"Safety factor." It's probably one of the most common, and most misused, terms in engineering.
The "factor of safety" might be better described as a "factor of ignorance". It's a multiplier, applied to loads and/or structural components in a design, to account for things that weren't explicitly taken into account in the design calculations. Those things could include variations in material quality or workmanship, uncertain overload conditions, accidents, and other hard-to-predict conditions that could cause a failure.
Over-building something brings a weight penalty. When weight is critical, then – as is the case in aerospace work, or in race boats – it is desirable to reduce the factor of ignorance. We do this by tossing more time, effort and money at calculations and simulations to get a better understanding of the loads, allowing us to design with less and less of a margin beyond the expected, well-understood conditions.
To give a sense of scale, it's fairly common to use a safety factor of 3 for many things aboard a boat. You can think of this as meaning that if the calculations say a shroud will normally carry a tension of 10 kN when under sail, it will be sized to be able to handle 30 kN without breaking. In some cases, our ignorance of the loads is greater; the propeller shaft of a heavy, slow motoryacht might have a factor of safety of 6 to 10, to account for the difficult-to-analyze condition of sucking a log or ice chunk into the prop. In other cases, meticulous calculation of many likely conditions lets us cut back on ignorance; the Space Shuttle routinely flew with a safety factor of 1.4 (and NASA was reamed out by the Columbia accident investigation board for occasionally flying some components at 1.25).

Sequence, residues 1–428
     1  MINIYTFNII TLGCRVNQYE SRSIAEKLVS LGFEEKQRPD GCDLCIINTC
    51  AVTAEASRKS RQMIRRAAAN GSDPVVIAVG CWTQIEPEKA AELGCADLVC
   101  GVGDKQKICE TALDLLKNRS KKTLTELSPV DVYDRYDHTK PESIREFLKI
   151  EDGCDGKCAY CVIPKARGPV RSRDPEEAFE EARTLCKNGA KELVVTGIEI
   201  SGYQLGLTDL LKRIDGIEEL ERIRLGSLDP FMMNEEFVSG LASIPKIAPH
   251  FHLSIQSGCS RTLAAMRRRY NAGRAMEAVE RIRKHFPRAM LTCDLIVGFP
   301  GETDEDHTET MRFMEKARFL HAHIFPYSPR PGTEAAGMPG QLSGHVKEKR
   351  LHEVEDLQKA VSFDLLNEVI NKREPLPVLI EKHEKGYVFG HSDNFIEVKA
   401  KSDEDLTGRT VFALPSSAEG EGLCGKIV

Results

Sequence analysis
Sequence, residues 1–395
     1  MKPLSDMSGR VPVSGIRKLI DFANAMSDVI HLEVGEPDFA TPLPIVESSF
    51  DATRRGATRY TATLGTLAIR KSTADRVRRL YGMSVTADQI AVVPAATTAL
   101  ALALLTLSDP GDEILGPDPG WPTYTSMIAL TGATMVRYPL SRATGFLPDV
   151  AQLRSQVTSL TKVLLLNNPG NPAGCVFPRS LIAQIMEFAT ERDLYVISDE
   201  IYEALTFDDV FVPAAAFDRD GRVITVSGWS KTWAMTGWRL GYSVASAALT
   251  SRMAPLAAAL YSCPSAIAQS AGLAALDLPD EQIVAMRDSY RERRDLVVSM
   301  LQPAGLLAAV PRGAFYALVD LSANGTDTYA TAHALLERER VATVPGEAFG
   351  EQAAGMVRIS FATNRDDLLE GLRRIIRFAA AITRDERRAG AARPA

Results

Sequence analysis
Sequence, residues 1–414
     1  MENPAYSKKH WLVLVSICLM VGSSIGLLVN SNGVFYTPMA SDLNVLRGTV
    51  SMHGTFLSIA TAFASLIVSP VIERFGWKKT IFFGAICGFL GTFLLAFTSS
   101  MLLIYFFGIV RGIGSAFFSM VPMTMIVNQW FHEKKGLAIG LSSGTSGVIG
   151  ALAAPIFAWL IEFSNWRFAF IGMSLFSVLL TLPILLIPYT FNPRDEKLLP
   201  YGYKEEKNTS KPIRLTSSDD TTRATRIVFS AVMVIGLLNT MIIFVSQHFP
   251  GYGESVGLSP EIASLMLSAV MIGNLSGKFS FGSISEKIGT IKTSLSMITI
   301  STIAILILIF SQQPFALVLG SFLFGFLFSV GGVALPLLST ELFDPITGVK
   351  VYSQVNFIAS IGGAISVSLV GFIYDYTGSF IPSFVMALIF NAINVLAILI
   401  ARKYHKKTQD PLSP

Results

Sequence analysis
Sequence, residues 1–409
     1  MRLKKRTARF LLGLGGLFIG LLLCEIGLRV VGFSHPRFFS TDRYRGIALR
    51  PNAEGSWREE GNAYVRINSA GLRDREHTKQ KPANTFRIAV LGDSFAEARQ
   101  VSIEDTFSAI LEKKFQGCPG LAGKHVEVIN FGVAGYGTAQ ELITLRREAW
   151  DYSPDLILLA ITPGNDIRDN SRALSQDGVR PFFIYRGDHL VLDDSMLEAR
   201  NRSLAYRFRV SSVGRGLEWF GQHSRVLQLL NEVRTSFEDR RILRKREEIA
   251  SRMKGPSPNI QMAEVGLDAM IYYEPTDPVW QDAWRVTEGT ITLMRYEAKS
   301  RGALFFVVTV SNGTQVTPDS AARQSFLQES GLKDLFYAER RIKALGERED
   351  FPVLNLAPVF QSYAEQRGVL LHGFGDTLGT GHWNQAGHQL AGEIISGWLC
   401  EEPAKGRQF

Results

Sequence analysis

Remember, the safety (or ignorance) factor is for conditions beyond what we expect in normal use. If that shroud with the 10 kN expected load were to part at 27 kN, we'd chock that up to severe overloading and perhaps a variation in the quality of the wire. If it failed in anything resembling regular sailing conditions, though, we would deem the design or specification to be flawed.
As an example, consider Richard Feynman's comments on the Space Shuttle Challenger investigation. The famous physicist had this to say about known problems with erosion of the O-rings that brought down flight 51-L:
For example, in determining if flight 51-L was safe to fly in the face of ring erosion in flight 51-C, it was noted that the erosion depth was only one-third of the radius. It had been noted in an experiment cutting the ring that cutting it as deep as one radius was necessary before the ring failed. Instead of being very concerned that variations of poorly understood conditions might reasonably create a deeper erosion this time, it was asserted, there was "a safety factor of three."
In fact, as Feynman pointed out in further commentary, the ring had already failed. There was no safety factor; the design wasn't even adequate for its routine operating conditions.
In the marine world, where production runs are small and most things are hand-built, the factor of ignorance is often going to be high. The designer is unlikely to know the distribution of void sizes in the laminates produced by a particular crew, for example. Things like this have to be accounted for by the factor of ignorance.
We must be careful of thinking that "safety factor" means "extra safety". It is really nothing more than a shorthand way of saying "here's our best guess at how much we think we don't know".